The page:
Due to the support of variability and looseness of the presented case management languages, a handling of predictable exceptions can be already specified at design time. However, due to the associated increased complexity of the model, this strategy is often omitted. In this case, knowledge workers are responsible for handling the exceptions on their own. Also for handling unpredictable exceptions, which cannot be modeled either, knowledge workers have to react ad-hoc. While there are ways to handle exceptions, such as adding fragments during runtime in fCM, these methods are unstructured and place high demands on knowledge workers in terms of experience and expertize. There is no procedure for effective and structured exception handling for unpredictable (major) exceptions which is why we aim at a framework that provides structured exception handling for these exceptions. This framework defines handling strategies which enable further correct process execution. In this work, we focus on high coverage of exceptions instead of usefulness for knowledge workers.

The requirements for such an exception handling framework derive from the general characteristics of KiPs [5, 12, 20] as well as from the above discussion of the stage-oriented case management languages. Each requirement listed below applies to both KiPs and case management in general. If a requirement needs to be defined more precisely due to the characteristics of a specific case management language, this is indicated by a subcategory and the abbreviation of the languageFootnote 1.

  • R1 Case Data Case knowledge has to be kept up-to-date  [5]. If data are incorrect due to an exception, this must be detected and corrected  [28]. Especially in fCM, object life cycles have to be followed. In case of changing a data object, the execution of fragments must still be possible.

  • R2 Case Goal Reaching the case goal has highest priority  [5]. Exception handling strategies should not terminate the process if it is still possible to ensure achievement of the business goal. For example, in case of the university process, if in-present lectures are not possible due to the pandemic, it should be still possible to finish the course and grade the exams.

  • R3 Exception Handling on Global Case Level Exceptions can affect the entire case. In addition to exception handling for the activity that triggered the exception, the suggested strategy must also consider case-related effects and provide methods for them.

    • R3.1 (fCM) Fragments Exception handling has to provide a handling for the fragment in which the exception was triggered as well as for following fragments. For example, in case of the university process, if in-present lectures are not possible due to pandemic, a complete change of the course style might be required which influences the Course fragment.

    • R3.2 (GSM & CMMN) Stages Exception handling has to provide a handling for the stage in which the exception was triggered. Similar to the example given in R3.1, the Course stage needs to be handled.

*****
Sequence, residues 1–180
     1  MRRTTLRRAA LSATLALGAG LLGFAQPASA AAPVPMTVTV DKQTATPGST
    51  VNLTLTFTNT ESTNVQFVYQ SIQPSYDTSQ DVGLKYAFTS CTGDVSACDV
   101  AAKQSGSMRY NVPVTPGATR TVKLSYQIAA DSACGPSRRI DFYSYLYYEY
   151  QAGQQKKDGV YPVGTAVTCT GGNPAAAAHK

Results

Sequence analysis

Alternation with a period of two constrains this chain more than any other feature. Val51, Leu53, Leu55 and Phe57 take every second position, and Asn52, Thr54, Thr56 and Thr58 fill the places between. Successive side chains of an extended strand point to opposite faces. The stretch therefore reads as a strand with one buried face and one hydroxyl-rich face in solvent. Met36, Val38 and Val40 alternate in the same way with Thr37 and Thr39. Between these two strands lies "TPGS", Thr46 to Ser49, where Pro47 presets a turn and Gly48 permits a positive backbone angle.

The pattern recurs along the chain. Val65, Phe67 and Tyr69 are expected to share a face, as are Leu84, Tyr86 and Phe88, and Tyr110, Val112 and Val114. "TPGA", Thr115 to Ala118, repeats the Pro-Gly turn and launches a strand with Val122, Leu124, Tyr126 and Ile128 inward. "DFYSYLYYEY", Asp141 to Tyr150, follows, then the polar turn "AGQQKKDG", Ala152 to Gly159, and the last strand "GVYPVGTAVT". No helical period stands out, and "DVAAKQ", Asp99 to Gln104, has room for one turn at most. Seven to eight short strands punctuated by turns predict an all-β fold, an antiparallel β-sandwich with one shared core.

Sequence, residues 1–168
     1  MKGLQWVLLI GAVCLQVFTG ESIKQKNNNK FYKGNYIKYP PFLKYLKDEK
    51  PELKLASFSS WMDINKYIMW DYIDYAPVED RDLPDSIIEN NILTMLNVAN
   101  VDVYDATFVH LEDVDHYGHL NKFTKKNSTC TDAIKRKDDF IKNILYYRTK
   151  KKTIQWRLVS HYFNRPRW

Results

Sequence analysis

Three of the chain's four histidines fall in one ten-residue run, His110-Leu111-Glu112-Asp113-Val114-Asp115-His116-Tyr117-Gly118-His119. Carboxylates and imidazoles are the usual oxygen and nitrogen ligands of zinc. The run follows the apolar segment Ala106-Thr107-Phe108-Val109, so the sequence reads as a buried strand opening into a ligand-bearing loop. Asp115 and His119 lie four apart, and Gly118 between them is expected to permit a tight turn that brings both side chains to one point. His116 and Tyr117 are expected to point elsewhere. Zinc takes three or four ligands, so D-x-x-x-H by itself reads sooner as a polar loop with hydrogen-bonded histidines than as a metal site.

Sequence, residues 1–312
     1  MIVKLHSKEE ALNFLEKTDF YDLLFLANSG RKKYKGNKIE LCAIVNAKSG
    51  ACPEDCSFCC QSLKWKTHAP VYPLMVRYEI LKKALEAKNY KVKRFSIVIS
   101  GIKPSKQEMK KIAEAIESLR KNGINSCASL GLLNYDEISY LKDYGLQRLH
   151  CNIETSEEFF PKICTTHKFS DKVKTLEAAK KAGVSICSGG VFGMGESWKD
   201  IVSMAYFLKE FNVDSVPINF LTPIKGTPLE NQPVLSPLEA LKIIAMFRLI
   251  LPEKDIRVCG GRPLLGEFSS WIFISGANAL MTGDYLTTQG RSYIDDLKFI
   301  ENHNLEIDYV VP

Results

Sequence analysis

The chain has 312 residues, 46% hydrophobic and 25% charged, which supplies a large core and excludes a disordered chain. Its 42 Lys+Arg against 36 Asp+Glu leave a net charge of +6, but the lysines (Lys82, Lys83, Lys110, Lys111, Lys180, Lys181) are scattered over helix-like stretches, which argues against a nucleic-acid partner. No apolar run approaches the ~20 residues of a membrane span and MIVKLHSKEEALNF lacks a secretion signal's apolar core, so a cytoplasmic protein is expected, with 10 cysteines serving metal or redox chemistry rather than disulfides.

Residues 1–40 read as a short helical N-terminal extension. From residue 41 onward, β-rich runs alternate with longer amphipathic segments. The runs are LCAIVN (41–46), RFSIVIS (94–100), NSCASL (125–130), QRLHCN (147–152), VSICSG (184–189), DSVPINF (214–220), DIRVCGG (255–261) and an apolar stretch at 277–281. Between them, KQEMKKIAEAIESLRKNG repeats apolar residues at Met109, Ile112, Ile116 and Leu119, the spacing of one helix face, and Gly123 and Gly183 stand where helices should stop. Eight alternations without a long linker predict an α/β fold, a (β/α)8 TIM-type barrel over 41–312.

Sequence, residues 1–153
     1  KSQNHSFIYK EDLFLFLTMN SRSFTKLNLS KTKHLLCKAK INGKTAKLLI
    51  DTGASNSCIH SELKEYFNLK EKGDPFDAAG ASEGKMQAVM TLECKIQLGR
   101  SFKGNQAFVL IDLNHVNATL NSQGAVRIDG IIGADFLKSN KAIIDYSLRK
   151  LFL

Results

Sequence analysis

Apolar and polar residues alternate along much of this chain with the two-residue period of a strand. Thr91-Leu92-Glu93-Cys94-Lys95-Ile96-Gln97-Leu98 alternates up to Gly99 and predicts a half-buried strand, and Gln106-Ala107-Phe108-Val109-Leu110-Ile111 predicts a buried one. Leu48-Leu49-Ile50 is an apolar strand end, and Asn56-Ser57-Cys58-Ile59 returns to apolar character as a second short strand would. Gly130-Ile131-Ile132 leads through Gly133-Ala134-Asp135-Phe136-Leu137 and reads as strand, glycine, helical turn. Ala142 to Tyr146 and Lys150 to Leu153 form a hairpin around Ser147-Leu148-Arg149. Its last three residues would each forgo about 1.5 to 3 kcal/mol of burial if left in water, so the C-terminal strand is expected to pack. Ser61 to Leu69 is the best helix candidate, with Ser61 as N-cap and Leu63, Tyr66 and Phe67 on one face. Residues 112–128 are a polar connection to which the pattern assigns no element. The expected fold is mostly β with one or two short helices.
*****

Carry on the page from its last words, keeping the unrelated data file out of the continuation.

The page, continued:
• R4 Recovery Measurements Exception handling must be able to offer various recovery measures [30], such as rollback in execution or compensation of the exception effects, without endangering further process execution.

  • R5 Flexibility Exception handling strategies should not limit the flexibility of knowledge workers in their case execution [5, 20]. This means that the knowledge worker should have several option to handle the case and continue the case execution.

  • R6 Structured Support Exception handling strategies should be defined in a uniform structure that is generally applicable [12]. For the same exception in a specific state, the proposed handling methods should be reproducible.

For the realization of the exception handling framework, we decided to use a pattern-based approach as introduced by Russell et al. [27] which is presented in the next section with its capabilities and limitations with regard to case management.

Fig. 4
figure 4

Life cycle of an activity and forced transition of exception handling from [27]

4 Foundation on exception handling patterns and their limitations

This section explains the general structure of the patterns for workflow systems introduced by Russell et al. [27]. The proposed exception handling strategy consists of a tuple structure with three different components that form the pattern:

  1. 1.

    Handling of the activity which provoked the exception (activity level);

  2. 2.

    Handling of the following activities of the whole case (process case level); and

  3. 3.

    Recovery measures which are needed to remove the effects.

In the following, each component of the framework is explained in more detail. Finally its limitations with regard to case management are discussed.

4.1 Activity level

The handling of the activity, which caught the exception, is summarized by the first part of the pattern. It describes a state transition, which depends on the state of the activity when the exception is caught.